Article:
It feels weird to watch our parents fall in and out of love. And by “weird,” we mean strange, odd, bizarre, or causing feelings of discomfort, confusion, or fear because of perceived strangeness. It’s not surprising at all, then, that you’re feeling discomfort around your mom’s boyfriend. But what can you do about it? For starters, there are several levels of discomfort, and you want to figure out what kind you’re dealing with before we can figure out a plan. Let’s do this by asking a few investigative questions, but remember that your feelings of discomfort are completely valid, regardless of your answers to the following questions.
But first, let’s be clear: if your mom’s boyfriend is acting inappropriately, whether he’s staring at you in a sexual way, saying suggestive things to you, or touching you without your consent, you have exited the territory of feeling “uncomfortable” and entered into the realm of potential predatory behavior, harassment, or abuse. If you feel unsafe or unable to express boundaries like “please don’t touch me,” or “please do not enter my room without permission,” it’s time to tell your mom. If she isn’t willing to listen or act on your behalf, turn to another trusted adult, school counselor, or in cases of physical danger, the police. You can also reach out to resources like ChildHelp USA and RAINN, where an expert will be able to help you determine next steps. If you’re feeling a little discomfort around someone new, that’s one thing, but if your physical and emotional well-being are in jeopardy, it’s time to sound the alarm. You deserve to feel safe and secure, especially in your own home.
However, if your uneasiness is more along the lines of feeling “weird” that your mom has a boyfriend, here are some tips to help you process your feelings.
How to Handle an Uncomfortable Step-parent
Who is it that you feel uncomfortable around?
When you feel that weird, strange, grossness, who’s around? Does it happen when you’re all hanging out as a family? When you’re alone with your mom? Alone with your stepdad? Or when you’re just alone? Taking note of who’s around when the feeling hits you can be important because it can show you in more detail who you’re actually struggling with.
Are you more uncomfortable with your mom and how she behaves as a result of this relationship? Are you more uncomfortable with the boyfriend’s behavior when you are out as a family? When you’re at home? Are you uncomfortable with how Mom or the boyfriend treat you when they’re together? Are you uncomfortable with the boyfriend’s words or actions toward you or your mom or siblings?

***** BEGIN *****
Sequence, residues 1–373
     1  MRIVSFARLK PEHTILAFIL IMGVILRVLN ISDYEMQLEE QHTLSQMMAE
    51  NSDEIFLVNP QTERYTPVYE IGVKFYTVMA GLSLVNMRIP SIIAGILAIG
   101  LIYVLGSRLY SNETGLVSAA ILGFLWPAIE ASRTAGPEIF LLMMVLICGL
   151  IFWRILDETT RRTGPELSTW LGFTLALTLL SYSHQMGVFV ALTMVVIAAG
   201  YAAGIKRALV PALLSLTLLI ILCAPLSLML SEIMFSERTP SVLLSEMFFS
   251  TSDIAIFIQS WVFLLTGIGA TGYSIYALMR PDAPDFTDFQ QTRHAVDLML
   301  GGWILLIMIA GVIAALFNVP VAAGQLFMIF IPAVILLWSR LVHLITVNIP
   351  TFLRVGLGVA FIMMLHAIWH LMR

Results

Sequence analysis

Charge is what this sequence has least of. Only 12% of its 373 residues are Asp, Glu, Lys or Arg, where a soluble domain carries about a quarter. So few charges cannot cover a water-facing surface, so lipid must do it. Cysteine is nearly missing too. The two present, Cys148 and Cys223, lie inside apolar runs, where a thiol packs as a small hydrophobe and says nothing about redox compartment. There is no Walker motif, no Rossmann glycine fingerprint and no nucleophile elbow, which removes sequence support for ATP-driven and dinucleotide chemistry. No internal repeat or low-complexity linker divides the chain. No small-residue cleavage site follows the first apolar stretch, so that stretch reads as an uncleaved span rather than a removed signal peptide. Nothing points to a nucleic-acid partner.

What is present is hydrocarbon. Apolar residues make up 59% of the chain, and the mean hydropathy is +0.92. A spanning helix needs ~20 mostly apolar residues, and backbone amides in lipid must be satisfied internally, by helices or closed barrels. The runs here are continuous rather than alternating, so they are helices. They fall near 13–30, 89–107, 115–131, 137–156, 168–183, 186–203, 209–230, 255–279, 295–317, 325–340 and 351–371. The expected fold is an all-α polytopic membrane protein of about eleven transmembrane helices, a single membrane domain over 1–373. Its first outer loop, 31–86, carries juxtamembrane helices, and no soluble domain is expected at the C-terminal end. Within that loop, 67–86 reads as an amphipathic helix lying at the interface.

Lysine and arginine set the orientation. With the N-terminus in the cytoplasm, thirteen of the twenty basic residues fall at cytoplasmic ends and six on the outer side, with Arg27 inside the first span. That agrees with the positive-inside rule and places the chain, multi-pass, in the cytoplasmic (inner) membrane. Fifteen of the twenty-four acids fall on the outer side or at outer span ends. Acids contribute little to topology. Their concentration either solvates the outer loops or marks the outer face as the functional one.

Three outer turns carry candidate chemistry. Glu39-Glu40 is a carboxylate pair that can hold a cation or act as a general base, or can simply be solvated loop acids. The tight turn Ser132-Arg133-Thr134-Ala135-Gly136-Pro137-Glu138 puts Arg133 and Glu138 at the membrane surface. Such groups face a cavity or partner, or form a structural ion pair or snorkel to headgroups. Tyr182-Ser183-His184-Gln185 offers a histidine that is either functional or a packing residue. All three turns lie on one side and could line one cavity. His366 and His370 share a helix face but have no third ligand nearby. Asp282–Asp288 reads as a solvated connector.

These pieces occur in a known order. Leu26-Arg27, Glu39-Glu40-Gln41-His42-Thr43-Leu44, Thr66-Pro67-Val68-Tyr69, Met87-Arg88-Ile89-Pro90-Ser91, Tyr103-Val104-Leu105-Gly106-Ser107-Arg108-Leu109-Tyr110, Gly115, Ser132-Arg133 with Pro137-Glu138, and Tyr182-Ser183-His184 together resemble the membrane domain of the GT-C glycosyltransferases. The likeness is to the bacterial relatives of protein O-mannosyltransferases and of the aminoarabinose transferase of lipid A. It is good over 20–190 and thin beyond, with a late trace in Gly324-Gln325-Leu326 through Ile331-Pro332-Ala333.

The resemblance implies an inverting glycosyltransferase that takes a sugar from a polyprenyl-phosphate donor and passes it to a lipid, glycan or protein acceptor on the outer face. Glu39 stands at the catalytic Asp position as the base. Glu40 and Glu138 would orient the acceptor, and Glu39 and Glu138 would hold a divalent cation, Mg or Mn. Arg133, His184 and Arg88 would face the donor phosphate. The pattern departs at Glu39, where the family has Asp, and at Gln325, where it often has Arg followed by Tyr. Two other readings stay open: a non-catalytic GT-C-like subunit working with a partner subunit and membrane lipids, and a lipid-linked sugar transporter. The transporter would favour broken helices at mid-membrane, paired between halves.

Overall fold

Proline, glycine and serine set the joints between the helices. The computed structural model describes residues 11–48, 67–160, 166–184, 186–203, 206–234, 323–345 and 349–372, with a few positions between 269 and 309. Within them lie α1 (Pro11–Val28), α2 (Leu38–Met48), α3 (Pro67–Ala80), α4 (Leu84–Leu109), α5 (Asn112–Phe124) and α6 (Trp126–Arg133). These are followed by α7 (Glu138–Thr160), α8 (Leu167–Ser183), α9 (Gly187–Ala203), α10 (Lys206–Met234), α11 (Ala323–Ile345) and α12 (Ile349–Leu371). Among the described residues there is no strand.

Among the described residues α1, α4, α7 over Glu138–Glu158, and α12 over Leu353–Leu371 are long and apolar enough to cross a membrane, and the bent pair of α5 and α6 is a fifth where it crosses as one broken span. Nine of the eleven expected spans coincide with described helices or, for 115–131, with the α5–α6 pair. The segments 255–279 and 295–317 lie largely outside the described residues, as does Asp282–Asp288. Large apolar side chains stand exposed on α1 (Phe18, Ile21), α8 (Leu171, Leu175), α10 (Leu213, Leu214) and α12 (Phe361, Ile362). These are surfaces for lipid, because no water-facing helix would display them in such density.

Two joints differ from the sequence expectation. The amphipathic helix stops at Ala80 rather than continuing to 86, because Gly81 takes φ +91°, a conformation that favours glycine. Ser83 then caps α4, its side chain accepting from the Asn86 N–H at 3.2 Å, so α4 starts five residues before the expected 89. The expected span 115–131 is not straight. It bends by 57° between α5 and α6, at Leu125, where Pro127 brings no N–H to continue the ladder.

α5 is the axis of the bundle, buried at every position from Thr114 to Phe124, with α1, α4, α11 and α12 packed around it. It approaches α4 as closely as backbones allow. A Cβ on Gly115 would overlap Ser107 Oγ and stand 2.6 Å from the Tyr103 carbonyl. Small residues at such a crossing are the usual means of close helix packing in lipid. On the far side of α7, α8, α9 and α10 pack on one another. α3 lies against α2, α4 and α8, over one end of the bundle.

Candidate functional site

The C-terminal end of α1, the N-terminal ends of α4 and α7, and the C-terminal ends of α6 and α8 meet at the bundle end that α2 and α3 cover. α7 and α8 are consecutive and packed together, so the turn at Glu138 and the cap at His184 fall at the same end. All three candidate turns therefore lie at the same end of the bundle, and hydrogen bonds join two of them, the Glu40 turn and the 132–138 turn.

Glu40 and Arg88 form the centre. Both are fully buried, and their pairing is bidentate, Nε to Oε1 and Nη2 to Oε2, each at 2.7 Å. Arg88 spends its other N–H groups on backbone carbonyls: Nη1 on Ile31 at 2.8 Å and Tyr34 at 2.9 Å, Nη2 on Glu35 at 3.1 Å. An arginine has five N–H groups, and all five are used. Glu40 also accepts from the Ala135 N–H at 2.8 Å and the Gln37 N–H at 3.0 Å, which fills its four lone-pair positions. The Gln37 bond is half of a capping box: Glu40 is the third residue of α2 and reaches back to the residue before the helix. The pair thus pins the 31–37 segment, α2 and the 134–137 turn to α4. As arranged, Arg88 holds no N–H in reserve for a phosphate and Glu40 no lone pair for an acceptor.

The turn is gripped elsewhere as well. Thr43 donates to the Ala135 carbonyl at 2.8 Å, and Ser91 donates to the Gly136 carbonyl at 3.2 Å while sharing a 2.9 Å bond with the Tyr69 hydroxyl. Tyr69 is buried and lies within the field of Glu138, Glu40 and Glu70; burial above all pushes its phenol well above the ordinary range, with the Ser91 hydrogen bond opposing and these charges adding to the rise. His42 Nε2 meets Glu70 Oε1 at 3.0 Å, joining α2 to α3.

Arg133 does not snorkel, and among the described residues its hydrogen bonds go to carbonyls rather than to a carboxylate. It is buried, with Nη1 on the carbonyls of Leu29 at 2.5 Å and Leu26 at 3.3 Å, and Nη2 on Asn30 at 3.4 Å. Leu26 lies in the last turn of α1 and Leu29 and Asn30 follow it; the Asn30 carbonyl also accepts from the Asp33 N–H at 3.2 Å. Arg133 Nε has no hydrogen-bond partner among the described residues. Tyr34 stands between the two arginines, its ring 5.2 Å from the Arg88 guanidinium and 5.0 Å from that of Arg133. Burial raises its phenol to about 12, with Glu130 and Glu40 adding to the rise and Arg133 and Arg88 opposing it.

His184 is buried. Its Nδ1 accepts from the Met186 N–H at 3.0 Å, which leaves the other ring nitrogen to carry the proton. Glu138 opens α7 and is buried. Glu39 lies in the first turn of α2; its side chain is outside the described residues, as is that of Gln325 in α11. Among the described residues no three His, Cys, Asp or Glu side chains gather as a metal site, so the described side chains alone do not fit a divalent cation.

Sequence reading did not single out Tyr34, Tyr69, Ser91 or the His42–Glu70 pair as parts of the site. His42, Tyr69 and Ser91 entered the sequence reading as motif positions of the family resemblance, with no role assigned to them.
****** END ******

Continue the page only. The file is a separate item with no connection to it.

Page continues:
When you’re feeling discomfort about a parent’s new partner, it may not actually be that you have a problem with them. Your discomfort could be more about your parent, the disruption of your status quo, or lingering and unresolved issues with your parent’s previous partner or your other parent. Take a deep look at who you’re really feeling weird about.
Where is the discomfort coming from?
Just like the last question, this one could have more than one answer, or the answer could surprise you!
Is the discomfort coming from a place of defensiveness? If so, are you feeling defensive of your mom, yourself, your home, your freedoms, your traditions, your safety?
Does the discomfort come from a place of fear? If so, fear of what? Of losing your mom, of losing your home, of losing your old way of life, of changing the way things work around the house, of abuse or neglect?
Is the discomfort coming from a place of loyalty? Loyalty for your mom, for your other parent, for the way things used to be?
Other places these feelings might be coming from:
- Feeling jealous of the time your mom and her boyfriend spend together
- Believing her boyfriend is “trying too hard” to win your or your mother’s approval
- Trying to defend or side with your other parent (your mom’s ex)
- Feeling embarrassed that your mom even has a romantic life
- Needing time to adjust or grieve the loss of your old family unit
- Feeling unsafe around the new partner
Those are all extremely valid sources of discomfort, and identifying where yours comes from will also help you determine what to do.
When does the discomfort hit you the hardest?
This one might feel like a silly question, but wait! Be honest… when do you feel this discomfort the most? Is it late at night when you’re lying alone in your bed and you can hear your mom staying up late talking to her boyfriend? Is it in the middle of an afternoon when your other parent is driving you to soccer practice? Is it at lunch at school when another kid is complaining about their new stepparent? Is it when you’re sitting next to your mom’s new boyfriend?